|-||- 15% on dividends in general and, except for dividends paid by a non-resident owned investment corporation that is a resident of Canada, 5% if the beneficial owner is a company which controls directly or indirectly 10% or more of the voting power in the company paying the dividends;|
|-||- 10% on interest, but 0% if indebtedness arising as a result of the sale on credit by a resident of the other state of any equipment, merchandise or services, except if the sale or indebtedness was between related persons. There is also an exemption for interest (subject to certain conditions) paid to a resident of the other state who was constituted and is operated exclusively to administer or provide benefits under one or more pension, retirement or other employee benefits plans;|
|-||- 10% on royalties. There are exemptions for (i) copyright royalties and other similar payments in respect of the production or reproduction of any literary, dramatic, musical or artistic work (but not including royalties in respect of motion picture films nor in respect of works on film or videotape or other means of reproduction for use in connection with television broadcasting) and (ii) royalties for the use of, or the right to use, computer software or any patent or for information concerning industrial, commercial or scientific experience (but not including any such information provided in connection with a rental or franchise agreement). The definition of royalties includes payments for the use of, or the right to use, industrial, commercial or scientific equipment.|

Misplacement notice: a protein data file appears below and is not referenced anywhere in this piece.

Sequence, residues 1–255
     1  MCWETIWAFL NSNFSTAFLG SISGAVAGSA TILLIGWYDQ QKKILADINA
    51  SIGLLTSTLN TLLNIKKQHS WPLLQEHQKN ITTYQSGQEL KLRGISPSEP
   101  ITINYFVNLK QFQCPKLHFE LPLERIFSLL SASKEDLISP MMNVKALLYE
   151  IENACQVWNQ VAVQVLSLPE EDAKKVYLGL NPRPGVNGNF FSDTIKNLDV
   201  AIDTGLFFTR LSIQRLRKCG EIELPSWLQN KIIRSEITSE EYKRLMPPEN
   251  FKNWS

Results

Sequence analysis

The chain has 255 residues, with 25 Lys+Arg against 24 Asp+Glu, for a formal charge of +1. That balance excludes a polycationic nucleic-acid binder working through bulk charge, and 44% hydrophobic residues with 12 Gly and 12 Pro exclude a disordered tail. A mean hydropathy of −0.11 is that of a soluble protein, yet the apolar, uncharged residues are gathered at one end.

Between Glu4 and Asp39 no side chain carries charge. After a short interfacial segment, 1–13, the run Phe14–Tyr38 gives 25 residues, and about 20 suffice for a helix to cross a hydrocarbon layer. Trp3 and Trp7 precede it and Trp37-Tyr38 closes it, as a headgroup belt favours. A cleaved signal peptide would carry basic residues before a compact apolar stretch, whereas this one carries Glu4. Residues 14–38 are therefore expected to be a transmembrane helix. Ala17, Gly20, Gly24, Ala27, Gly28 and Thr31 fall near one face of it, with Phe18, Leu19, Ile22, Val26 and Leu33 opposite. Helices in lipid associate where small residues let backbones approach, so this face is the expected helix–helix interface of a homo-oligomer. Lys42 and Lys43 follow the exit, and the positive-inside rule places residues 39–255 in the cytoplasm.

Both states may impose a branch profits tax on the earnings (as defined) of a company attributable to permanent establishments in that state, provided that the rate does not exceed 5% and the earnings have not been subjected to such additional tax in previous tax years. The provision also applies (subject to certain conditions) to earnings derived from the alienation of immovable property in one of the states by a company carrying on a trade in immovable property, whether or not it has a permanent establishment in that state.
Both states generally provide for the credit method to avoid double taxation. Both states also grant a credit for the underlying corporate tax on the profits out of which the dividends are paid, provided that the recipient company controls directly or indirectly at least 10% of the voting power in the company paying the dividends. If the income derived by a resident of one state is, under the treaty, exempt from tax in that state, that state may nevertheless take into account the exempt income in calculating the amount of tax on the resident's other income (exemption with progression).